U.S. Capitol building The U.S. Capitol building. (Photo: Shutterstock)

Credit unions want and will continue to push Congress to include credit union-specific help — ranging from increasing the cap on Member Business Loans to inclusion in Small Business Administration programs — as the House and Senate consider additional economic responses to the coronavirus crisis.

Senate Republicans unveiled their latest legislation Thursday. It includes direct payments to individuals, as well as increases in Small Business Administration programs and financial help for industries that have been particularly affected by the health crisis.

Credit union lobbyists cautioned that the bill is only the first step in the legislative process and that even after it is enacted, additional legislation will be necessary to help the economy.

“We’re really early on,” said Ryan Donovan, CUNA’s chief advocacy officer, adding that Democratic senators as well as House members have not yet had the opportunity to weigh in on the legislation.

“We appreciate the Administration and Congress’ commitment to providing economic relief during this uncertain time, and we look forward to working with the Senate as they finalize details of their newly released stimulus package,” Brad Thaler, NAFCU’s vice president of legislative affairs, said.

Donovan said the new bill that Senate Republicans are pushing does not include supplemental appropriations.

For example, the bill does not include increased funding for Community Development Financial Institutions program, a program that the Trump Administration has targeted for elimination.

“CDFI has strong support in Congress,” he said, adding that he would expect that when appropriators attempt to add provisions to stimulus bills, increased funding for that program will be included.

And credit unions have specific proposals they said will help them and the economy, including one very practical one.

CUNA President Jim Nussle said he is concerned about the way the federal government may distribute direct payments to individuals to try to stimulate the economy.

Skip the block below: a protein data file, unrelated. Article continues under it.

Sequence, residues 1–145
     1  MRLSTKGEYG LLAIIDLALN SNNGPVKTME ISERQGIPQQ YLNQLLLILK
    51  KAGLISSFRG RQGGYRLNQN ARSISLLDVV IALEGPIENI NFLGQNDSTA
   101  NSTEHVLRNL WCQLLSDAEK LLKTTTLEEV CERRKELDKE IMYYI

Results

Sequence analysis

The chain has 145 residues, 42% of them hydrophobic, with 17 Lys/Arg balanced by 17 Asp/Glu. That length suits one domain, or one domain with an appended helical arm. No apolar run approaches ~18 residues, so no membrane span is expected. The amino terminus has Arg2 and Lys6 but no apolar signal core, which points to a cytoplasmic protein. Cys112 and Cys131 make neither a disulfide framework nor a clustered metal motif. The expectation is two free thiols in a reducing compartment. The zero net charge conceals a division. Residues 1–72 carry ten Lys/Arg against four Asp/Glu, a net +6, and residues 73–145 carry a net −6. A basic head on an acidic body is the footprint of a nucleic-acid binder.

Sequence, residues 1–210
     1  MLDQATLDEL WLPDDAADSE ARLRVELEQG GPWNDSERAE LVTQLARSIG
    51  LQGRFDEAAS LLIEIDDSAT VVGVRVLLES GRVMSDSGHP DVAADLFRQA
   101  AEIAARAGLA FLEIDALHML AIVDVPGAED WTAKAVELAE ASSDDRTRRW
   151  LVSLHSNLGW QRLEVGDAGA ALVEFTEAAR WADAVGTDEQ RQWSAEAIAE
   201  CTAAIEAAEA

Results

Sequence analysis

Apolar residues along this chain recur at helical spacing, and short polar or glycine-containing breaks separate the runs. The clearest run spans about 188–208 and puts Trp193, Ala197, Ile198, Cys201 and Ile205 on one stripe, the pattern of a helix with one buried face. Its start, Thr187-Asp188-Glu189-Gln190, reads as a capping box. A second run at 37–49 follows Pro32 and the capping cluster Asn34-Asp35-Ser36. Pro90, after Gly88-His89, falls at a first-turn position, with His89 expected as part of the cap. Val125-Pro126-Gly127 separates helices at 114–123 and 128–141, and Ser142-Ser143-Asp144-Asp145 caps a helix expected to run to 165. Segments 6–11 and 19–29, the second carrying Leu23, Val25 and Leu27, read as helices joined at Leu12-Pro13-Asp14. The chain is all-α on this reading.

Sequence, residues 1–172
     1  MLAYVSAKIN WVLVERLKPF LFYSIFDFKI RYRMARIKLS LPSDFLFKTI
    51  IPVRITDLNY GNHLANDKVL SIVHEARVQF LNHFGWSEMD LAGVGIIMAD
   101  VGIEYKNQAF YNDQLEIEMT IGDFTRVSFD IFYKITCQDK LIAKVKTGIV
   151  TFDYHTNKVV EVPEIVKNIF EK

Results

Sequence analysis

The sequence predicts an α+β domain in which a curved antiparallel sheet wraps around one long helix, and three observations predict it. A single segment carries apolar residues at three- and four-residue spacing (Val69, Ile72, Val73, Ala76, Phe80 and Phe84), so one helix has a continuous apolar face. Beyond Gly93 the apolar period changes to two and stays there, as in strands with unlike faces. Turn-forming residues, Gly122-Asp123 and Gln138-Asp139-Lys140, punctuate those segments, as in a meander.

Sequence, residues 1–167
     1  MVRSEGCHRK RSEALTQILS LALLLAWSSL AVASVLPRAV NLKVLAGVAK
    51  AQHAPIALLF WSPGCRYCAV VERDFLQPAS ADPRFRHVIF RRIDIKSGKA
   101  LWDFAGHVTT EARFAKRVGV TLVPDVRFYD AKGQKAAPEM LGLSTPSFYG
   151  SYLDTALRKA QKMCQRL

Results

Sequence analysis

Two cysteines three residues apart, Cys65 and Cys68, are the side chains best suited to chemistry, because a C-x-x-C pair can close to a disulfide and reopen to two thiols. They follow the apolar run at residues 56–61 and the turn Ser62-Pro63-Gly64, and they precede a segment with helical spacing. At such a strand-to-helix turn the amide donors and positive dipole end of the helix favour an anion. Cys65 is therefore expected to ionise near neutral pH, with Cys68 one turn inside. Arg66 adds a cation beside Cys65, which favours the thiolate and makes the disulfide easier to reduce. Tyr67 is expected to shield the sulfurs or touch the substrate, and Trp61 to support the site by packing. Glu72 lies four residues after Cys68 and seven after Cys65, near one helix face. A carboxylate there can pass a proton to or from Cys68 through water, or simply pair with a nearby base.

“The concern does not have to do with the dispersal of funds, but rather in the method those funds may be dispersed,” Nussle wrote in a letter to congressional leaders Thursday. “The concern is that if the government issues millions of checks, recipients will flood credit unions and banks to deposit these checks, putting themselves and financial institution employees at undue risk.”

He urged the federal government to consider alternatives that do not encourage people to violate public health recommendations.

Donovan said CUNA favors adjusting the Member Business Loan cap that credit unions have.

Nussle said more than 800 are subject to the MBL cap and are doing business lending. Nearly 150 of those are constrained by the MBL cap — with MBL/asset ratios over 8%.

He asked Congress to exempt business loans made during federally declared disasters and emergencies from that cap.

He also asked that legislation to exempt government-guaranteed loans made through programs at the SBA and other agencies be exempt from that cap.

And he said Congress should ensure that any small business lending programs at federal agencies include opportunities for credit unions to participate.

Nussle said credit unions should be permitted to access secondary capital for the purposes of prompt corrective action.

Credit union trade groups will continue to push, Thaler said.

“As this bill and other relief measures work their way through Congress, NAFCU will continue to advocate for important relief measures that will help credit unions and their 120 million members overcome the impact of COVID-19,” he said.